What I learned from Richard H. Thaler
"We tend to regard events as obvious in hindsight. By fostering the illusion that the world is more predictable than it really is, overconfidence tends to be promoted."
There’s no better time to be reminded of the limited rationality and the lack of self-control individuals are prone to in the grips of a bull and bear market than right now.
So Richard H. Thaler, the University of Chicago professor, who is recognised as one of the founders of behavioural economics and finance, winning the Nobel Prize for Economics this week came like a gift – or perhaps a message – from the gods.
With global financial markets reaching new highs again, spurred on by years of liquidity pumped into the system by the US Federal Reserve’s Quantitative Easing program – now in its final throes – Thaler’s insights relating to crowd behaviour are worth revisiting.
Sometimes, being at one with a crowd can be nice, like at rock concerts, because it adds to the ambience and safety in numbers can provide comfort, Dr Shane Oliver, Head of Investment strategy, Chief economist and sometimes concert goer, remarks.
However, when crowds turn, they can be dangerous, Oliver says, reflecting on learnings he’s taken from Thaler and other behavioural economists over the years.
Thaler – along with others including 2002 Nobel economics prize winner Daniel Kahneman – has been a major contributor to economics and finance through his work showing that people are not always rational when making decisions, Oliver points out.
“Rationality, or lack thereof, goes a long way to explaining why asset prices can deviate far away from fundamentally justified levels and has had huge impact on my career as an economist and investor which started with my PhD thesis which was built on such insights,” Oliver says.
“As Thaler pointed out after winning the prize ‘in order to do good economics, you have to keep in mind that people are human’,” he notes.
Following are takeaways Oliver notes investors could benefit from familiarising (or refamiliarising) themselves with which Thaler and other thinkers in behavioural economics have helped bring to the fore over the years.
The danger of crowds
Crowds tend to down-play uncertainty and project the current state of the world into the future resulting in a tendency to assume recent investment returns will continue, Oliver notes.
People within crowds tend to give more weight to recent spectacular or personal experiences in assessing the probability of events, he says. This results in an emotional involvement with an investment – if it has been winning an investor is more likely to expect that it will continue to do so, he adds.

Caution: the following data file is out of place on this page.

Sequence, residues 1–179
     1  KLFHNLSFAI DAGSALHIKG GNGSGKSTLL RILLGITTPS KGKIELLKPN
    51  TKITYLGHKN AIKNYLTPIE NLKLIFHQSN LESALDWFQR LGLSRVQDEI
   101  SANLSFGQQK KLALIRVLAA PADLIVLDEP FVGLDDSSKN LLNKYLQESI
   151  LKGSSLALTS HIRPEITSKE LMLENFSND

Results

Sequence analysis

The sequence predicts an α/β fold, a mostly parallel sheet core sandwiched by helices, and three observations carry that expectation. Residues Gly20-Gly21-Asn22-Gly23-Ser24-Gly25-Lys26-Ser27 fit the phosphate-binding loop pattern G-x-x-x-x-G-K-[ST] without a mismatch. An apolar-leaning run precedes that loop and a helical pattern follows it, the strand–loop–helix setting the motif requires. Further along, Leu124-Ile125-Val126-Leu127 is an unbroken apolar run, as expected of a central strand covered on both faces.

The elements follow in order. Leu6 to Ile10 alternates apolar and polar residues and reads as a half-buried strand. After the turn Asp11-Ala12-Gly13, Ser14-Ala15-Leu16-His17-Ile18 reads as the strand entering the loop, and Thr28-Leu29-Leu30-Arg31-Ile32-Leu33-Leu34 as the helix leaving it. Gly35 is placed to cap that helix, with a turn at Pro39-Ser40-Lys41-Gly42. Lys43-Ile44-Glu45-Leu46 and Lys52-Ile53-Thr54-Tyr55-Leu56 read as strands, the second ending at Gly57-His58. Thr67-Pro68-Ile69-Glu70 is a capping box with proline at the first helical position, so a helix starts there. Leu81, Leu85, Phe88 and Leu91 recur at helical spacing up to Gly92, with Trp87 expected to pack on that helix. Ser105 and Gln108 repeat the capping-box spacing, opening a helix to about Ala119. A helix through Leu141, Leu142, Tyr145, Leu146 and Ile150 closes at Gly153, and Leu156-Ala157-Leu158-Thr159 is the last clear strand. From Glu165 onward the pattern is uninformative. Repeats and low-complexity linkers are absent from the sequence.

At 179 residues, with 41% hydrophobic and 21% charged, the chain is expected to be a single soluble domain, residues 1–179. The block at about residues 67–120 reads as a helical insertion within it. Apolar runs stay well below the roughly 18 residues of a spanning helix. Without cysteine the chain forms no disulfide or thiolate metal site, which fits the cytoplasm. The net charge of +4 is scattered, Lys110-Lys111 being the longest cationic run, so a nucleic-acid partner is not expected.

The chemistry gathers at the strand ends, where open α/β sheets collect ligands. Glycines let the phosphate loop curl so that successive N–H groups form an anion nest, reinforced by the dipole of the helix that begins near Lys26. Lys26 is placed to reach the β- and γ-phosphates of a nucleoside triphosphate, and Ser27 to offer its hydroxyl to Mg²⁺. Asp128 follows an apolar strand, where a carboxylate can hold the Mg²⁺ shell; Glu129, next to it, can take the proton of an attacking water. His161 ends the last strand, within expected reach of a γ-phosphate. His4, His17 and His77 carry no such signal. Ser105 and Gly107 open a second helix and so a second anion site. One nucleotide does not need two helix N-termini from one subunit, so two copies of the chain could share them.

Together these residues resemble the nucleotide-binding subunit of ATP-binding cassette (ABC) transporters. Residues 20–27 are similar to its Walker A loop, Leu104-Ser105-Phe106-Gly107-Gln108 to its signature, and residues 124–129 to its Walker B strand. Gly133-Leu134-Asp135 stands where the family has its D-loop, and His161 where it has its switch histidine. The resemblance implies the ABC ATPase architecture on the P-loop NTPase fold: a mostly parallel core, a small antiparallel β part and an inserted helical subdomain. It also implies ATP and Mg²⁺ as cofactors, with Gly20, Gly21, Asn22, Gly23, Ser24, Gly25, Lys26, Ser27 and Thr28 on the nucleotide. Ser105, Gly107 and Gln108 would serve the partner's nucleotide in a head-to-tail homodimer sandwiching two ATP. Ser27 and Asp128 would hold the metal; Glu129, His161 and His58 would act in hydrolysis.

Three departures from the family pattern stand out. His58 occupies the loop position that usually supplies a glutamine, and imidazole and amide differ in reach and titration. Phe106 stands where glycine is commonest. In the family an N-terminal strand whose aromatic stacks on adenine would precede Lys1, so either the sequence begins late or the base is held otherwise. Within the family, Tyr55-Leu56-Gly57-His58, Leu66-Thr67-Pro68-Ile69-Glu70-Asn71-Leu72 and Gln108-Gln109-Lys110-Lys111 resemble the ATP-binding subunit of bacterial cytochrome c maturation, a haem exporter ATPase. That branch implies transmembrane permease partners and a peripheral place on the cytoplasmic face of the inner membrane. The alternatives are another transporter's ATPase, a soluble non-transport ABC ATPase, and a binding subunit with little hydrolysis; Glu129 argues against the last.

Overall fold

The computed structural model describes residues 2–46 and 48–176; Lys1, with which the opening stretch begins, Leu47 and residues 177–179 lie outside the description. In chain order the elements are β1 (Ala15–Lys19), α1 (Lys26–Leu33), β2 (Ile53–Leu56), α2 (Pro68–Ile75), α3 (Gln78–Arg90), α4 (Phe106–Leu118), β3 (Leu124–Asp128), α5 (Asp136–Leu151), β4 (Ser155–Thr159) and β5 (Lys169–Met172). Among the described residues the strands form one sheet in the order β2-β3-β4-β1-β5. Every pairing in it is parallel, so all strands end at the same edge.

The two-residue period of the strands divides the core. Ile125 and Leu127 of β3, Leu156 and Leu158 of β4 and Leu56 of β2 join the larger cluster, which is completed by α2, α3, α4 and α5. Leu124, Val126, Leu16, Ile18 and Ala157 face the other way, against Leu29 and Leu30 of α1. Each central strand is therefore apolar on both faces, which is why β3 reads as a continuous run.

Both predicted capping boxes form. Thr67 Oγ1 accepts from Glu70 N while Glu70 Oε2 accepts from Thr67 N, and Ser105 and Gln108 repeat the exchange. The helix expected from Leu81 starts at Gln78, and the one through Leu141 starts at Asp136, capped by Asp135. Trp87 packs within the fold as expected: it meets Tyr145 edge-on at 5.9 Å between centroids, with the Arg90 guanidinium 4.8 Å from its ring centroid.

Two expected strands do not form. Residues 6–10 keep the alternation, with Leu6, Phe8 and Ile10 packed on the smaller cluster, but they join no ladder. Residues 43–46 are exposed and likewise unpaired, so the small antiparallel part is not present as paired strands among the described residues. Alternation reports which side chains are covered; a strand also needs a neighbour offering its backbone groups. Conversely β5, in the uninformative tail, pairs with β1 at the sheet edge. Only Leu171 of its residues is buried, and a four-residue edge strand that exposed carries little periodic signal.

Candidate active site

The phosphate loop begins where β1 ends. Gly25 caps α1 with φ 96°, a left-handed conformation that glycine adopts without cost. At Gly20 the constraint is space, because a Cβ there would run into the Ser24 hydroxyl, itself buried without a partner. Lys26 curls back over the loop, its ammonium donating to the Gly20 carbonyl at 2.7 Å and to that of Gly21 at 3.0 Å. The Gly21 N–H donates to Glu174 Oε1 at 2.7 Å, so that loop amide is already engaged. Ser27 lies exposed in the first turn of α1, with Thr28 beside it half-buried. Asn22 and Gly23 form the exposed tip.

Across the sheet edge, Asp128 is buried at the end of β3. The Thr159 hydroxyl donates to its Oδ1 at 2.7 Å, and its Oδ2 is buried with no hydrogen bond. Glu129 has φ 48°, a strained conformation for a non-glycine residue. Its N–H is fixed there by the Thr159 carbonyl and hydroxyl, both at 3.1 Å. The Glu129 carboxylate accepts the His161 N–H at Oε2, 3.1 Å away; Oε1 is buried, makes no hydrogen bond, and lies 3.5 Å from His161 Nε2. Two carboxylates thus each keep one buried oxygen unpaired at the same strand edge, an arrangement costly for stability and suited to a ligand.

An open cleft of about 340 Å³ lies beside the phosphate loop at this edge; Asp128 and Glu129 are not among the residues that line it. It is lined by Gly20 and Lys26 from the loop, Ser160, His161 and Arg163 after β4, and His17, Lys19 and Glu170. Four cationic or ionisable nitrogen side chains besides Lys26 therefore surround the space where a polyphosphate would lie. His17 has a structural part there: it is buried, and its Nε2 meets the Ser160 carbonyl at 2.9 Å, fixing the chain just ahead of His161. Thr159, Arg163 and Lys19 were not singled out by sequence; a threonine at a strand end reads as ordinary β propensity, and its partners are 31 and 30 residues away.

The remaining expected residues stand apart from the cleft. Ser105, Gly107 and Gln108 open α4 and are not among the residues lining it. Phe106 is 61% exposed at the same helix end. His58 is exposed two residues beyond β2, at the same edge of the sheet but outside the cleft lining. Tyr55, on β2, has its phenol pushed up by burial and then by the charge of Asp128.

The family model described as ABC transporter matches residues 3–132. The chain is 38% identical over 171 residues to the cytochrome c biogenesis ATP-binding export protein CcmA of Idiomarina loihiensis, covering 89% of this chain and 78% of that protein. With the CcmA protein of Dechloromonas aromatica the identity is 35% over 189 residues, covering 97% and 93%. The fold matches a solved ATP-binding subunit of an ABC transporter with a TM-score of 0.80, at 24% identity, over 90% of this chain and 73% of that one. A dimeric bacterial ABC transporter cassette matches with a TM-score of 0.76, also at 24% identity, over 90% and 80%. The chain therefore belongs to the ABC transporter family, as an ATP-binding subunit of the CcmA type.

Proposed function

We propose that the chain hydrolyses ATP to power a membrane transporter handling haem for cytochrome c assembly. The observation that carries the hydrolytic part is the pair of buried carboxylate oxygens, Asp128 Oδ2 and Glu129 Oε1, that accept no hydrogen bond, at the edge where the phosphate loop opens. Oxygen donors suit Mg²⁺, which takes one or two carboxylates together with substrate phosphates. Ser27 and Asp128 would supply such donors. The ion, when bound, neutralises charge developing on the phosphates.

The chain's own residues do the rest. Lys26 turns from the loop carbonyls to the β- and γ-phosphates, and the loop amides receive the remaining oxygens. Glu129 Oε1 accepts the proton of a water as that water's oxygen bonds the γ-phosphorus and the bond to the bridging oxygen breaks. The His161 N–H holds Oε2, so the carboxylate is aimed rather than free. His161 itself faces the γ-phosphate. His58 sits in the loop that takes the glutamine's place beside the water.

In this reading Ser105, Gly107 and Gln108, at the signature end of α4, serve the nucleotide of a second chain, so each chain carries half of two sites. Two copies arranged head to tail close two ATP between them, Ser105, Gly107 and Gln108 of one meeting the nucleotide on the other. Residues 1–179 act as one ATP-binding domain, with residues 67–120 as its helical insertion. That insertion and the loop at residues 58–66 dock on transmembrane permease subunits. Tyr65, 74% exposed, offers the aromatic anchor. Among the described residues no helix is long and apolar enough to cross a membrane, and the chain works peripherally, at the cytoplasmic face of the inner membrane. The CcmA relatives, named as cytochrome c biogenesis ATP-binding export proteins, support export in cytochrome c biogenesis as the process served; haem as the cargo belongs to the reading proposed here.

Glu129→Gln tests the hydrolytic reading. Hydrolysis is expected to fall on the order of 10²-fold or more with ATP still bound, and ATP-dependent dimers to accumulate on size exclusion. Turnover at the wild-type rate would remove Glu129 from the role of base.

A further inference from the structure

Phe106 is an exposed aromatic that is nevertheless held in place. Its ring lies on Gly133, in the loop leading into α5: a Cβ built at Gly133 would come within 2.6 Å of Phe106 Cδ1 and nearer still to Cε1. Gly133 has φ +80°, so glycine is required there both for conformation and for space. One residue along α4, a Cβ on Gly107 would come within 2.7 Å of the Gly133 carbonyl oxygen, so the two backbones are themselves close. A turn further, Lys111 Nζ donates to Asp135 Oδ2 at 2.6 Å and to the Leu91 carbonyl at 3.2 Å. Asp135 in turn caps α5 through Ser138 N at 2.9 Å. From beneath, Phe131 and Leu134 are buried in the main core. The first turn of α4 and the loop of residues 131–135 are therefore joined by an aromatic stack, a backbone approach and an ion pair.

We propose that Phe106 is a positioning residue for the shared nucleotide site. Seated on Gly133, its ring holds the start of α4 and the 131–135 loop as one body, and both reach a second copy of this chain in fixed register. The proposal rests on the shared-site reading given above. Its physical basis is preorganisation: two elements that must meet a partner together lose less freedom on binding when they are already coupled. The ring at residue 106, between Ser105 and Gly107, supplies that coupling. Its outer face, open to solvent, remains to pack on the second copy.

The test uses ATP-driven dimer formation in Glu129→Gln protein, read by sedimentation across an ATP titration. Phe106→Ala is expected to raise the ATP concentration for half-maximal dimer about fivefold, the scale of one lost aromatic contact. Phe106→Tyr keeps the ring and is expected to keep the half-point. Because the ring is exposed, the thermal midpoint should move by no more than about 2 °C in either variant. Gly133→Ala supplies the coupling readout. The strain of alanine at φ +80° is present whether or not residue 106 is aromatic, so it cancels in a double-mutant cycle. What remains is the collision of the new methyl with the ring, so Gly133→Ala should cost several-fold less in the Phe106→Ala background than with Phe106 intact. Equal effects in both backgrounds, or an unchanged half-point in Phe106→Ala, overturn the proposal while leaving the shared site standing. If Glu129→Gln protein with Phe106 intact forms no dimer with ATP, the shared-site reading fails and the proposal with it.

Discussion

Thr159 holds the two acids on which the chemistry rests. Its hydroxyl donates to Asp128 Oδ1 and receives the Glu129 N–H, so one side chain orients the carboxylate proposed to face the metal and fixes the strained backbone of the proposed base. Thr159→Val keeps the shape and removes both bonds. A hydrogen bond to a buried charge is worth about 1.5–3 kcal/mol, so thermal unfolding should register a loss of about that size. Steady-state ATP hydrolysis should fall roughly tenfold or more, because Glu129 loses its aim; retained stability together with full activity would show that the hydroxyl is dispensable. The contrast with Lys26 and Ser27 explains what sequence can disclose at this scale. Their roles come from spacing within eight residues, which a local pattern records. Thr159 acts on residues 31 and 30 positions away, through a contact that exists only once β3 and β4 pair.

Individuals tend to focus on occurrences that draw attention to themselves, such as stocks or asset classes that have risen sharply or fallen sharply in value.
“We tend to regard events as obvious in hindsight. By fostering the illusion that the world is more predictable than it really is, overconfidence tends to be promoted,” Oliver says.
“We tend to be overly conservative in adjusting their expectations to new information and do so slowly over time – explaining why bubbles and crashes normally unfold over long periods and we tend to ignore information conflicting with past decisions,” Oliver adds.
How contagion spreads
The means by which individual lapses of logic morph into collective views on markets include the general media, both traditional and on-line and pressure for conformity via such mechanisms as industry standards, interaction with friends at dinner parties, BBQs, as well as monthly fund managers’ performance charts & benchmarking which ultimately discourage “risk” taking and deviation from the crowd, Oliver notes
“The combination of lapses of logic by individuals in making investment decisions being magnified by crowd psychology go a long way to explaining why speculative surges in asset prices develop.
“Usually after some good news valuations will stretch and then will stretch further when they feed on themselves, as individuals project recent price gains into the future, exercise “wishful thinking” and receive positive feedback via the media, their friends,” Oliver highlights.
Controlling your emotions
During a bull market “optimism” progressively gives way to “excitement”, then “thrill” and eventually “euphoria” as the actions of the thousands of investors push the asset class – be it shares, property, bonds or a currency - ever higher in value, Oliver says.
“It is at this point that investors are most bullish. Unfortunately it’s usually at this point that the market has become overvalued and with the crowd fully on board everyone who wants to buy has and so it only takes a bit of bad news to tip the market down,” he says.
When a bear market begins investors initially see it as a short term setback but as “anxiety” gives way to “fear”, investors eventually capitulate and become despondent, selling their investments, Oliver notes.
It’s actually at the point of maximum crowd pessimism, when the crowd has sold and the asset class is cheap and unloved, that the best buying opportunity emerges, Oliver outlines It then usually only takes a bit of good news to start tipping the market higher.
“So while it’s impossible to drill into the minds of thousands of investors, the behaviour of the crowd gives a great guide to investment market opportunities both at tops and bottoms. Tops are usually associated with some form of crowd euphoria and market bottoms are associated with mass despondency. So being a contrarian and doing the opposite to the crowd at extremes makes sense,” Oliver notes.